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Although sustainability commitments seemed in jeopardy earlier this year, corporations like Amazon, cult sustainable brands like Veja and nonprofits are gearing up for more.
SUSTAINABILITY E-LEARNING THIS MONTH: Sourcing Journal’s virtual sustainability summit this Wednesday appears to be just the tip of the iceberg in a plethora of sustainability events and masterclasses.
On July 30, nonprofit Fashion for Good is kicking off its three-part monthly series of masterclasses starting with “Changing Luxury,” a session featuring Kering, forensic science start-up Oritain and recycling technology provider Worn Again.
Participants attending all three sessions are eligible for certification from Fashion for Good.
Apparel Impact Institute is another sustainability nonprofit gearing up for program updates, expansion plans, upcoming partnerships and events.
“Along with the rest of the world, we’ve been cautious to not do too much too fast, and we’ve continued to lean into virtual forums for program activities whenever possible,” Lewis Perkins said in an e-mail accompanying the latest news.
AII’s local experts are preparing to launch 2020 programs later this year, including expanded activities like chemistry and wastewater management, “Tier 1 efficiency,” and “supplier carbon target setting” — pertinent with the rise of ESG-seeking investors. The nonprofit also has webinars slated for July 14 and 21.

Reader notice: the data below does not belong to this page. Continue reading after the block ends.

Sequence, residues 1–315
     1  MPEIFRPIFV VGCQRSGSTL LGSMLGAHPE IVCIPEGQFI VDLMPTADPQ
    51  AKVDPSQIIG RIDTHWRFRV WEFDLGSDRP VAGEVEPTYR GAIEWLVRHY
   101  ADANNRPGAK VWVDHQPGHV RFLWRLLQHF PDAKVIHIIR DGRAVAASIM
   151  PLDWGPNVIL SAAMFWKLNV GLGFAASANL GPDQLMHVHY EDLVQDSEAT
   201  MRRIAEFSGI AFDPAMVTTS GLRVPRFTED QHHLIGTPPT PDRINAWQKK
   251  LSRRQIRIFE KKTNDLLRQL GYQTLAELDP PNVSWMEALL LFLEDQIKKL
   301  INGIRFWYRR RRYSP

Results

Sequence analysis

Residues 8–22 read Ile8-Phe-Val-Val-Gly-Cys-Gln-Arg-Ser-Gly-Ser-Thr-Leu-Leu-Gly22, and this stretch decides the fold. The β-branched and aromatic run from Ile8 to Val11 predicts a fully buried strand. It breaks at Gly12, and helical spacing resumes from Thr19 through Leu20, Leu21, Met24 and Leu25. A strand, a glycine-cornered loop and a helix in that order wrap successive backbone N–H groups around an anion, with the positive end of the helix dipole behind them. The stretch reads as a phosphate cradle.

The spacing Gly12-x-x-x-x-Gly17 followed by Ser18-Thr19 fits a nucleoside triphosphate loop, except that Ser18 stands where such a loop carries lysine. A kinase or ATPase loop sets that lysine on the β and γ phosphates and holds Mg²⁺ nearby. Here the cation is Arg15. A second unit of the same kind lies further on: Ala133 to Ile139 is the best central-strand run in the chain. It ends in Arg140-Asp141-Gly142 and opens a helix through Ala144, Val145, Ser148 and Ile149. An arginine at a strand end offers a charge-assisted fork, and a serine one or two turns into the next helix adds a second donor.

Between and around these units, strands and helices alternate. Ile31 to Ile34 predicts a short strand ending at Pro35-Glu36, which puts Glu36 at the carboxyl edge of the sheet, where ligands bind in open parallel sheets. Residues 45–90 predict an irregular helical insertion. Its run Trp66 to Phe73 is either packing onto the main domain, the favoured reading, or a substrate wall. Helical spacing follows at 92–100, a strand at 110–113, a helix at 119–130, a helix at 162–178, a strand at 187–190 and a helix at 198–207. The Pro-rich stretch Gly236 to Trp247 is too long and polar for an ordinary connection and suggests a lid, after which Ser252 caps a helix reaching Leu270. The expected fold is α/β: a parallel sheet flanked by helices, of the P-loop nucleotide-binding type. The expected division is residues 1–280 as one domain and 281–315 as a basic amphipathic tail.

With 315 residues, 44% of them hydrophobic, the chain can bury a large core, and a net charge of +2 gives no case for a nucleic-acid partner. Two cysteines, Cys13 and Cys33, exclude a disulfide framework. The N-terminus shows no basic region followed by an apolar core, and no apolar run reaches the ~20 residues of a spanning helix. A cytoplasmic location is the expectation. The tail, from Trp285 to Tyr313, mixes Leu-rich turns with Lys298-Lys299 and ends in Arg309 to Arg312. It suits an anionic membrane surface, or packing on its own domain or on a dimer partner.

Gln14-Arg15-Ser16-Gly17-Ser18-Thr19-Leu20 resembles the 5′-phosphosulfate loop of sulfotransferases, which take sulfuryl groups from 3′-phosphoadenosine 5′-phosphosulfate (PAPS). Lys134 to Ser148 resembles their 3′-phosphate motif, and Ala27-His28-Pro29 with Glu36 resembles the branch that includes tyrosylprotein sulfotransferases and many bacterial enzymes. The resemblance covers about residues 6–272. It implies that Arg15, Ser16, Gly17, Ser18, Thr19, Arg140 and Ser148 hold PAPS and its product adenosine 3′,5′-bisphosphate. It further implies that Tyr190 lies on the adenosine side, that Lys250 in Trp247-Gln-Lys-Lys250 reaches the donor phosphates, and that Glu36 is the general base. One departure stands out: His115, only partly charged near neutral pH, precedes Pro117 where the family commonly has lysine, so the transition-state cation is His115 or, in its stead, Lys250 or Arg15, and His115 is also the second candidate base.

THE RIPPLE EFFECT OF AMAZON GREENING: At the end of June, online retail behemoth Amazon partnered with CanopyStyle ensuring that by 2022 all of the company’s private-label clothing will not include “rayon or viscose derived from ancient and endangered forests.”
The commitment includes all of the fabrics used by Amazon’s private fashion lines, which includes more than 60 brands. It will also bar the use of either material coming from endangered species’ habitats or “other controversial sources” as defined by Canopy’s reporting metrics.
Along with fabric and clothing, Amazon also announced sustainability commitments in packaging and leather — signaling areas where competitor brands will likewise need to push the envelope.
With more than 100 million Amazon members worldwide and nearly $300 billion in net sales in 2019, the commitment has “extensive reach” and “the potential to catalyze a major shift in the fashion and e-commerce industries,” according to Amanda Carr, director of strategic initiatives at Canopy, in a blog post.
VEJA OPENS “DARWIN” FACILITY: In its latest endeavor, the Parisian footwear brand Veja puts down roots in a former military barracks in Bordeaux, creating a “hybrid” workshop, innovation lab and recycling center.
Despite a cult Millennial following, Veja has been around since 2004 and earned B Corp certification in 2018. In early March, Veja opened its first store in the U.S., in the SoHo neighborhood in New York. This followed the September opening of Veja’s first store in Paris. Signature elements in either location include unpainted walls, untreated floors and minimal decor.
In a past interview with WWD, Sébastien Kopp, the brand’s cofounder likens each space’s location and interior design to an ongoing attempt to “keep it cool.”
Described as an “ecosystem,” Darwin also includes an urban farm, skate park, spaces for graffiti artists, an organic grocery store and an organic restaurant.
Similarly, Veja x Darwin employs a “rough space with limited waste.” Wood design elements are sourced locally from the Bordeaux region and the store is powered by 100 percent renewable energy by Enercoop.
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